Version=, Culture=neutral, PublicKeyToken=b77a5c561934e089"
<codeOrigin scheme="file"/>
<codeOrigin scheme="http">
<connectAccess scheme="http"

The figure below shows different types of code groups that inherit from the abstract class code group.

Figure 1


Policy Levels

A policy level consists of a set of code groups organized into a single rooted tree, a set of named permission sets that are referenced by the code groups to specify permissions to be granted to code belonging to the code group and a list of fully-trusted assemblies.

1.    Enterprise: security policy for all managed code in an enterprise. This is the topmost hierarchy for applying policy level settings.

2.    Machine: security policies for all managed code run on the computer

3.    User: Security policy for all managed code run by the user. For the current user the security settings get applied.

4.    Application domain: security policy for all managed code in an application

The figure below shows the configuration wizard for the .NET Framework 2.0. The policy level Enterprise security policy has Code Groups, Permission Sets and Policy Assemblies within it.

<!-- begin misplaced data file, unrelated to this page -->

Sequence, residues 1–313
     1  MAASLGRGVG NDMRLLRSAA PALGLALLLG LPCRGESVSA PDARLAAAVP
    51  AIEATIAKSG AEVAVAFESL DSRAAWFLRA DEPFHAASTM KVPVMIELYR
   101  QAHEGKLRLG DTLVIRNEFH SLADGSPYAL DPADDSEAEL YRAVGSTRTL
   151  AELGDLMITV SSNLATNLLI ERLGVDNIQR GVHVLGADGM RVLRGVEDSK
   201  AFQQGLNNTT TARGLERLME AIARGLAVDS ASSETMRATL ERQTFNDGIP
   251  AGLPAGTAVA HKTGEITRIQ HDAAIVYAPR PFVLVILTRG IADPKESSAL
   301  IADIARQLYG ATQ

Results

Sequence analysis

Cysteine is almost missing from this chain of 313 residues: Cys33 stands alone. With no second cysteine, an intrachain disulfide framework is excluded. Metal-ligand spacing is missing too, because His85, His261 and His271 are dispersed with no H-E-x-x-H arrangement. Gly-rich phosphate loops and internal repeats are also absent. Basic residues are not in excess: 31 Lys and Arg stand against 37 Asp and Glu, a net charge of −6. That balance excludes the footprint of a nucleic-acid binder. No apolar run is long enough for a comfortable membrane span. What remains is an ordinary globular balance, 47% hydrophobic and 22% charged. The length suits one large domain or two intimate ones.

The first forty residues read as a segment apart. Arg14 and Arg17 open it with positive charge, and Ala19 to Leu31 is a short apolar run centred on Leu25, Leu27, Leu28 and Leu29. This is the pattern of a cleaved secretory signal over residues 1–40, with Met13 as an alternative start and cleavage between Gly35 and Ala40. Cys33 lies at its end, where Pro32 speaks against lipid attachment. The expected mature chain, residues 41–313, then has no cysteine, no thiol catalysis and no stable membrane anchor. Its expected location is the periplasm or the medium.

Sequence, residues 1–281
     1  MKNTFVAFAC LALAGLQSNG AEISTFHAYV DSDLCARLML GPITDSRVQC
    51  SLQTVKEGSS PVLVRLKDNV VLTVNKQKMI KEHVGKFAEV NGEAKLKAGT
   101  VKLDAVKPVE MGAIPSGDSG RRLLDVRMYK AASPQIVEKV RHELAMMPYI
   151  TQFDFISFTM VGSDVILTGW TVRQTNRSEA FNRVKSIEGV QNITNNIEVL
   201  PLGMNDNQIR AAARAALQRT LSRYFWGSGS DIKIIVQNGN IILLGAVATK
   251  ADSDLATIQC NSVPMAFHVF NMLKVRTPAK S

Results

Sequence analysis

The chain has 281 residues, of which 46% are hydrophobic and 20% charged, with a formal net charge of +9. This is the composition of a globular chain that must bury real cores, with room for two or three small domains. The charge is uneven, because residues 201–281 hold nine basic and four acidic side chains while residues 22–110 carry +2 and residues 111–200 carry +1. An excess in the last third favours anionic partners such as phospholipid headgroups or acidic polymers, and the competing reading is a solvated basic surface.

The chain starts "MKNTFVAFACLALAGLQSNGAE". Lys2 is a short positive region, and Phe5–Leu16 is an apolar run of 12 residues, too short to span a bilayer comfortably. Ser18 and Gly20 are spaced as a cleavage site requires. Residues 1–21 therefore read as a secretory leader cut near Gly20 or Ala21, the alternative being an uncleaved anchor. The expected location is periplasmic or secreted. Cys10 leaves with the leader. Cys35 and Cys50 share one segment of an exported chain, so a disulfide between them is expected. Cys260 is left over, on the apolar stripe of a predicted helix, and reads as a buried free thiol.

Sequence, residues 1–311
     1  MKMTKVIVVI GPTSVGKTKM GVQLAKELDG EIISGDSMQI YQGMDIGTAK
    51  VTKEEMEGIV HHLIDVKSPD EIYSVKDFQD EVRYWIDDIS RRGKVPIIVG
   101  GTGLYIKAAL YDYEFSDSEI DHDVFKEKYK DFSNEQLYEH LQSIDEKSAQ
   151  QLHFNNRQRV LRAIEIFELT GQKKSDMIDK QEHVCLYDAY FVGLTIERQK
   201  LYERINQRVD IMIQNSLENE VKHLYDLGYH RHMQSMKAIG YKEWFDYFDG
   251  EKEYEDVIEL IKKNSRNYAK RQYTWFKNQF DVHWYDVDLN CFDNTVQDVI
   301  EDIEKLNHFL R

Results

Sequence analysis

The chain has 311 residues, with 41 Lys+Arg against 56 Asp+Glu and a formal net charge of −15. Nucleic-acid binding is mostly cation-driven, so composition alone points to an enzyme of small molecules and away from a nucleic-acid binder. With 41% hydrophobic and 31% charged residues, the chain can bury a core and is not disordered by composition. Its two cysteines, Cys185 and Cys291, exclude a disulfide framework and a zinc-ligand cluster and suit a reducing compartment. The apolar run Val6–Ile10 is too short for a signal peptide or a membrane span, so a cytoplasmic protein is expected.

Figure 2

Configuring the Code Access security

We have been discussing a Permission Sets, Code group and Policy Level. Now, we will try to understand how an Administrator configures the code access security using .NET Framework configuration wizard. Figure 3 shows editing the Permission set to full trust. We have other options, such as Skip Verification, Execution, Local intranet, Internet and Nothing.

Figure 3

The figure given below shows the modification of Membership condition to all code. We have all the options listed with their meanings.

·         All Code –  all assemblies meet this condition

·         Application Directory – all assemblies in the directory or a child directory of running app

·         Hash – all assemblies with a hash that matches the given hash

·         Publisher – all assemblies digitally signed with a specified certificate

·         Site – all assemblies downloaded from a specified site

·         Strong Name – all assemblies with a specified strong name and public key

·         URL – all assemblies downloaded from a specified URL

·         Zone – all assemblies that originate from one of five specified zones listed below

·         My Computer – Internet, Local Intranet, Trusted Sites and Untrusted Sites

Figure 4


Code access security is a concept of .NET Framework that restricts the execution privileges of the code on the resources and its operations. The permission for an assembly is given by placing attributes. Placing attributes and asking permissions is known as declarative syntax.